What Are AEDs? Your Essential Guide To Defibrillators

Paramedics performing CPR

After spending a small fortune to insure yourself, your loved ones, your home, your car and your pets from every emergency possible, you may think you’re prepared.

What about an AED – more commonly known as a defibrillator – for your heart? 

You’ve fitted the smoke alarms. Checked the fire extinguishers. Pumped up the tyres. You’re ready for what life may throw at you. Or so you thought.

It turns out, every year, more than 33,000 Aussies go into cardiac arrest. Their hearts just stop.

And left for anywhere up to 10 minutes without any intervention (and even with correct CPR), there’s only a very slim chance of survival, and beyond this time, they will most certainly be permanently brain damaged. 

Timing is everything in this critical emergency situation.

But there is a way to give yourself, or your loved ones, a fighting chance.


An AED is a lightweight, portable device – more commonly known as a defibrillator – that can shock a heart that’s experiencing cardiac arrest back to life. 

Thankfully, Australia is very proactive – our hospitals and ambulances are well equipped with AEDs (this stands for Automatic External Defibrillators) and increasingly our fitness centres, schools, surf clubs and other places where people gather in numbers are investing in this life-saving technology. 


The machine monitors a person’s heart rhythm and – if defibrillation is necessary – it will try to restart the heart or restore it to the correct rhythm.


The late billionaire and media mogul Kerry Packer made a $2.5 million donation to the NSW Ambulance Service after a heart attack he suffered in 1990.

If it wasn’t for a passing ambulance being fitted with an AED, he would have surely died.

The story goes that Mr Packer later phoned the then-NSW Premier Nick Greiner from hospital.

“He said, in his inimitable fashion, I’ll make you a deal, I’m told it costs about $5 million to put one in every ambulance, I’ll go you halves,” The SMH reported Mr Greiner as saying.

Defibrillators were fitted into every ambulance, earning them the name “Packer Whackers”.


It’s okay. Don’t panic! These machines are designed to be foolproof, especially in an emergency. The AED uses audio or text prompts to guide the user on how to proceed at every step. 

You can’t make the situation worse, only better, if you follow the easy, step-by-step prompts.

The device is also designed to warn users to stay clear of the victim while the shock is delivered, making it safe to use.

Source: Ambulance Victoria Heart Safe Community – David’s story


When you know that 68.5 percent of the 456,000 out-of-hospital cardiac arrests occur at home, it’s pretty clear that having an AED on hand in the home gives you the best chance of saving someone you love. 

In Australia, the survival rate of cardiac arrest without a defibrillator is 6-10 per cent. 

However, when a defibrillator is used within five minutes that survival rate goes up to 70-80 per cent.

Knowing that the ambulance median response time for these kinds of emergencies is around 8-9 minutes across most states of Australia, every minute counts.


It’s important to speak with the experts in not only those supplying the defibrillators, but also those who have used them, the paramedics.

The owner of Vital First Aid, Adrian Date, has been working with defibrillators for more than 30 years. He was involved with the rollout of the HeartsStart 3000 (the defibs donated by Kerry Packer in the late 80’s) and still actively promotes the need for defibrillators in Australia.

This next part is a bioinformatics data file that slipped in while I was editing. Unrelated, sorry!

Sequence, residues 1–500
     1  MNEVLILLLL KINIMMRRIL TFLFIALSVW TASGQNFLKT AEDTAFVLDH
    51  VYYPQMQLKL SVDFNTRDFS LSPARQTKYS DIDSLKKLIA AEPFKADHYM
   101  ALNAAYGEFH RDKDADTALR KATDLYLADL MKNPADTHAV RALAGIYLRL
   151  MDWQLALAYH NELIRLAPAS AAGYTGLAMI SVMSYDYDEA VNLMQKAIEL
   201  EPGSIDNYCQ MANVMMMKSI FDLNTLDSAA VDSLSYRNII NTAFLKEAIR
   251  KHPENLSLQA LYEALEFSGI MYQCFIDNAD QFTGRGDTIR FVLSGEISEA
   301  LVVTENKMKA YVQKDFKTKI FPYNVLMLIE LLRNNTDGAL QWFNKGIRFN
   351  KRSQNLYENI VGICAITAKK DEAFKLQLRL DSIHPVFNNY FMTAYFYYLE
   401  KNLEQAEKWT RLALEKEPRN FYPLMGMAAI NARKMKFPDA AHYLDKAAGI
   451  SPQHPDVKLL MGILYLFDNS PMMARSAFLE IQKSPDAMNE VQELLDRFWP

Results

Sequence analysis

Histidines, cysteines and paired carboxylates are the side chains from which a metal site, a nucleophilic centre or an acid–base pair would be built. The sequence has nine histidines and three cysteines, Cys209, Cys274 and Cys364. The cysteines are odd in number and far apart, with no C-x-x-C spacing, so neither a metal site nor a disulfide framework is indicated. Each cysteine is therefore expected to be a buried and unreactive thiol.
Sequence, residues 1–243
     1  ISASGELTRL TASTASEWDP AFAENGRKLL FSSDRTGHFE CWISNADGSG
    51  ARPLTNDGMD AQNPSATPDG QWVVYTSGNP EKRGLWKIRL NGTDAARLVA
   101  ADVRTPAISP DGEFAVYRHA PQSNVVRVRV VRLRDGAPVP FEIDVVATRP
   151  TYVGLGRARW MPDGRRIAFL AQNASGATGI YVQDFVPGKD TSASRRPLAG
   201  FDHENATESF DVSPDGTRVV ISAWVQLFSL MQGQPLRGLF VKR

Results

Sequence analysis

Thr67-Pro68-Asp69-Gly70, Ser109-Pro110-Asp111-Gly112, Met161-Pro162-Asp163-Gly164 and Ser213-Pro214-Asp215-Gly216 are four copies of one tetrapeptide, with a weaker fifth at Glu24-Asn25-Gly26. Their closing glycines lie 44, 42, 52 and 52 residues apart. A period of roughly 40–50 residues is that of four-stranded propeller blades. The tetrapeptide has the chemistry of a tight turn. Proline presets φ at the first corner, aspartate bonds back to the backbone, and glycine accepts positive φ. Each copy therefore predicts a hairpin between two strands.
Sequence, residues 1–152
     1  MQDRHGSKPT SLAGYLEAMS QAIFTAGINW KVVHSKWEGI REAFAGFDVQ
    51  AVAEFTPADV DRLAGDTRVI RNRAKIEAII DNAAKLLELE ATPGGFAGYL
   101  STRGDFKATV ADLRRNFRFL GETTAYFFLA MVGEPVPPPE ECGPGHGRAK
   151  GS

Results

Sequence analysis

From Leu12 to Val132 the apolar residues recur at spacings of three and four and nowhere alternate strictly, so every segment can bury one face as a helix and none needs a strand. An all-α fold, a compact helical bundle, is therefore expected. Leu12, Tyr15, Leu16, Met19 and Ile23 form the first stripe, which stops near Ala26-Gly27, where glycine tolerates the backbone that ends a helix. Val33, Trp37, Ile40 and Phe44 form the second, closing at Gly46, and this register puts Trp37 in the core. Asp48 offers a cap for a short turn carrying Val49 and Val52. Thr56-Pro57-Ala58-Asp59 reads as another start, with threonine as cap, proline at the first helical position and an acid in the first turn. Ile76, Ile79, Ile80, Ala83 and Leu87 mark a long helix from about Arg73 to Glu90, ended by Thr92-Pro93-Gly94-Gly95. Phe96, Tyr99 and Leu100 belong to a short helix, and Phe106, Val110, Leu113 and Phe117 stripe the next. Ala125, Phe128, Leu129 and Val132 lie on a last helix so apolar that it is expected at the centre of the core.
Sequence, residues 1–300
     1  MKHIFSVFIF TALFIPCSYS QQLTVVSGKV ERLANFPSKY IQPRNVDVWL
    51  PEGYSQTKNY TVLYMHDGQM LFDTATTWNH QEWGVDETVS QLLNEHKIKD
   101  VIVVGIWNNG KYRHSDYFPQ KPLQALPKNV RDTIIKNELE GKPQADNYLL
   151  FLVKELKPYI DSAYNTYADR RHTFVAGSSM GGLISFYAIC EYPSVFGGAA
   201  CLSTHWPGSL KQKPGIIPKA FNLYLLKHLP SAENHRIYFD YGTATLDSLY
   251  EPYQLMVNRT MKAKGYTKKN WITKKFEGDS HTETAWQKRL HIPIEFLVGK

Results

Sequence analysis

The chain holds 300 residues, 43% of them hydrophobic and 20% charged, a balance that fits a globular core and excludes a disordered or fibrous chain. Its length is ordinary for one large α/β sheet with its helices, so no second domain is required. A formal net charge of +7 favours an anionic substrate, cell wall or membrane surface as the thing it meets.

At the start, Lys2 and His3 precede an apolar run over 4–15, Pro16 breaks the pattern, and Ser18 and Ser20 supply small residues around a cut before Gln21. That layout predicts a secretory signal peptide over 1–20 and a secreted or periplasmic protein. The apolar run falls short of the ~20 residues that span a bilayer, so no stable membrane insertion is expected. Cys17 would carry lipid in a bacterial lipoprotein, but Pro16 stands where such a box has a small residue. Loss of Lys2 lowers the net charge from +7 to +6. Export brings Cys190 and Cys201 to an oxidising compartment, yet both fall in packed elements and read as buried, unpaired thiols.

“Our focus in Vital First Aid is training, not sales, this simply means that we can give expert advice on defibs not based on ‘profits’, but based on genuine knowledge and understanding of what’s best for you,” Adrian said.

The above unit normally sells for $2695, but Vital First Aid is selling defibrillators NOW for $2400.

Related resources:

Portable AED FAQs:

Will a defibrillator restart a heart?

Cardiopulmonary resuscitation (CPR) won’t restart a heart in sudden cardiac arrest. CPR is used to continue a minimal supply of oxygen to the brain and other organs. Only a shock from an AED can restart a heart that has stopped.

Is an AED safe to use on someone with a pacemaker?

A defibrillator can be used on a person with a pacemaker, but the pad must be positioned slightly away from the pacemaker scar.

Can defibrillators be used on babies?

It’s considered safe to use an AED on infants and children. Most AEDs come equipped with pediatric settings and/or pediatric pads that adjust the energy level used.

Can defibrillators be used more than once?

AEDs don’t “run out” after one use – they’re built to last and can be used multiple times, but batteries and pads don’t last forever, so it’s important to keep the unit well juiced and accessories maintained.

When were defibrillators invented?

Here’s a great brief history of the AED, but to summarise, chickens and dogs copped it between 1775 and 1899, before US Electrical Engineer William Bennett Kouwenhoven began developing defibrillators in 1928. Over the years, the defibrillator expanded and went external. Then, in 1966 cardiologists J Frank Pantridge and John S Geddes in Northern Ireland were the first to install portable external defibrillators in an ambulance. Today, AEDs are smaller, lightweight and affordable for everyone.

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Vital First Aid is a dynamic Registered Training Organisation specialising in providing accredited practical training in all facets of first aid and pre-hospital care.

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